The Crusades—A ‘Tragic Illusion’
BY AWAKE! CORRESPONDENT IN ITALY
SOME nine hundred years ago, in 1096, the First Crusade was about to begin. If you had lived in Western Europe then, you might have witnessed large movements of men, wagons, horses, and ships. They were headed for Jerusalem, the holy city, which had been under the control of Muslims since the seventh century C.E.
That was the first of the Crusades. Many historians list eight major ones. These expeditions scarred the history of East-West relations. They were accompanied by massacres and cruelty committed in the name of God and Christ. The last major Crusade began 174 years later, in 1270.
The word “crusade” comes from the Latin word crux, which means “cross.” Members of the many expeditions sewed the symbol of the cross on their clothing.
The declared motive for the Crusades was to take Jerusalem and the so-called holy sepulcher from the Muslims. But the causes ran deeper. Except for a few incidents, relations between the professed Christians living in the Middle East and the Muslims had been relatively calm. An important factor that led to the Crusades was the turbulent political, economic, and religious climate that prevailed in Europe.
In the 11th century, new rural lands were being given over to agriculture, in an effort to increase food production. City areas were enjoying new life. The population was growing. However, when a famine plunged large numbers of peasants into poverty, many poured into the cities, where unemployment and misery awaited them. Protests often erupted.
At the top of the social hierarchy were numerous feudal barons. These professional warlords wanted to take advantage of the political vacuum created by the breakup of Charlemagne’s empire and conquer new estates.
The church of Rome was also experiencing a period of turmoil. In 1054 it lost control of the Eastern Church. In addition, many of the clergy were being accused of immorality and of meddling in politics.
The Appeal at Clermont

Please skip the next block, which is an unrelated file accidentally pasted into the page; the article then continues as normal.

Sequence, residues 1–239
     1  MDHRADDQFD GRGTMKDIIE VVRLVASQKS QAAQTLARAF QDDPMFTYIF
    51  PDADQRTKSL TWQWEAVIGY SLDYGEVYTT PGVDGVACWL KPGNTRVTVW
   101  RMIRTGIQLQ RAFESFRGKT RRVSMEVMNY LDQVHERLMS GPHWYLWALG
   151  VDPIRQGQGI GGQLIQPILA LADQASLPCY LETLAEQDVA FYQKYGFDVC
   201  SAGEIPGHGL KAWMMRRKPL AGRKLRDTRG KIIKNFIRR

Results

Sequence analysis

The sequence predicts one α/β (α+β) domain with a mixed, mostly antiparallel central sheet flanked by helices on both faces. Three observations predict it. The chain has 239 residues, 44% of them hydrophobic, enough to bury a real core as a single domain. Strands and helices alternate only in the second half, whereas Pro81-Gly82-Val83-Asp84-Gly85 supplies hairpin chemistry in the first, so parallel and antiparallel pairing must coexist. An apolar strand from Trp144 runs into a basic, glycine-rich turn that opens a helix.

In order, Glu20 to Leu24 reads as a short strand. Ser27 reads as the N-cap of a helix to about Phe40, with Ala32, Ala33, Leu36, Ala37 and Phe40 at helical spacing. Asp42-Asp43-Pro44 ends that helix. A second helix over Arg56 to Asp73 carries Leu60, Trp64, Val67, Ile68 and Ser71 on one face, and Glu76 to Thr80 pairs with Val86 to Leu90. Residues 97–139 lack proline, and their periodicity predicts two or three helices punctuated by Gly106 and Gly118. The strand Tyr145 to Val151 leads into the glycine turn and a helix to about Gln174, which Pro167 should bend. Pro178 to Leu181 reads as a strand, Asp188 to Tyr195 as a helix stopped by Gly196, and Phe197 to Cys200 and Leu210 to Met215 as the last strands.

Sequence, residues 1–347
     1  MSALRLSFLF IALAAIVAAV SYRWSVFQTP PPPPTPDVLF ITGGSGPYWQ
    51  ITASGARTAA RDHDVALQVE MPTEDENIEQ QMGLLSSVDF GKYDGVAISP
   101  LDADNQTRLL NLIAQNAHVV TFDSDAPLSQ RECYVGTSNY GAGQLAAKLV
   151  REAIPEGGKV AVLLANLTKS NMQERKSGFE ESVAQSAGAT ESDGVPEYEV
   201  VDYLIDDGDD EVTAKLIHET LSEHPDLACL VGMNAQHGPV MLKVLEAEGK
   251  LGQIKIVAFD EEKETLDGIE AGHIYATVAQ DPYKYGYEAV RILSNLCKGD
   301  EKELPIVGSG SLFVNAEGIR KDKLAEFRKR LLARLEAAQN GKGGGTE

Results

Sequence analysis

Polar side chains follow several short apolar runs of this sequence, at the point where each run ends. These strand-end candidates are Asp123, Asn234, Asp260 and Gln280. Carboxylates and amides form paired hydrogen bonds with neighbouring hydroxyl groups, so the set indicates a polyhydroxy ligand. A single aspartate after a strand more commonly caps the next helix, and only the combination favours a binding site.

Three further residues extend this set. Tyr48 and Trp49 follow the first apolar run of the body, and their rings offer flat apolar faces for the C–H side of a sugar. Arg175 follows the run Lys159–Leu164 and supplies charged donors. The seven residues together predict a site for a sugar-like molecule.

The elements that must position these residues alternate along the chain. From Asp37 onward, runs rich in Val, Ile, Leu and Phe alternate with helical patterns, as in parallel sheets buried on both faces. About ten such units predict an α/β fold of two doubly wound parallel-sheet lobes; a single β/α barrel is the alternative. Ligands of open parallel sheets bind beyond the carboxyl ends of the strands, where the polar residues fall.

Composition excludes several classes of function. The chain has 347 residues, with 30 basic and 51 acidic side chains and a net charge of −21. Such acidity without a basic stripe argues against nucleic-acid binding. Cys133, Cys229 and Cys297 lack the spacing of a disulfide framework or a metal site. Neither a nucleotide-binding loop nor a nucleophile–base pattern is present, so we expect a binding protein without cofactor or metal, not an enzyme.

In this climate the First Crusade was called by Pope Urban II. In his eyes military action to reconquer Jerusalem and Palestine would serve several purposes. It would consolidate the unity of Western Christendom and reaffirm the primacy of the Roman Church. It would provide a vent for perpetual disputes among the upper classes. In exchange for religious and, above all, economic benefits, these would put their military expertise to work for a “noble” cause, becoming the armed wing of the church.
On November 27, 1095, before a council at Clermont, France, Urban launched his appeal. The church painted a dark picture of their foes, as those deserving of divine retribution. Foucher de Chartres, a priest who took part in the First Crusade, said that the war was necessary to defend Eastern “Christians” from Muslims. An immediate remission of sins was promised for those who died on the road or in battle. The feudal lords could thus convert their fratricidal disputes into a “holy” war against the “infidels.” At that council, a cry resounded that was to become the motto of the First Crusade: “God wills it!”
The Two Departures
Once the departure date, August 15, 1096, was fixed, the pope ensured the support of lay lords, to whom military operations were entrusted. The church guaranteed the protection of their estates for the duration of the undertaking. The less well-off were urged to finance the mission with alms.
However, some departed before the established date. This was an untrained and undisciplined mob and included women and children. They were called pauperes Christi (Christ’s paupers). Their goal: Jerusalem. They were led by rabble-rousers, perhaps the most famous of whom was Peter the Hermit, a monk who had begun preaching among the masses toward the end of 1095.
According to medieval chronicler Albert of Aix, Peter had previously traveled to Jerusalem. It was said that one night he had a vision in which Christ exhorted him to go to the patriarch of Jerusalem, who would give him a letter of credentials to take back to the West. Albert said that the dream came true and that after receiving the letter, Peter set out for Rome, where he met the pope. Albert’s account mixes reality with fantasy, but the alleged dreams, visions, and letters were powerful instruments in leading the masses.
The band that gathered around Peter the Hermit left Cologne on April 20, 1096. Not having the means necessary for the sea voyage, the pauperes had to face the long journey to the Holy Land on foot or in dilapidated wagons. Finding themselves almost immediately without food or arms, along the way they began to plunder local populations caught by surprise at the arrival of this undisciplined throng of “soldiers of Christ.”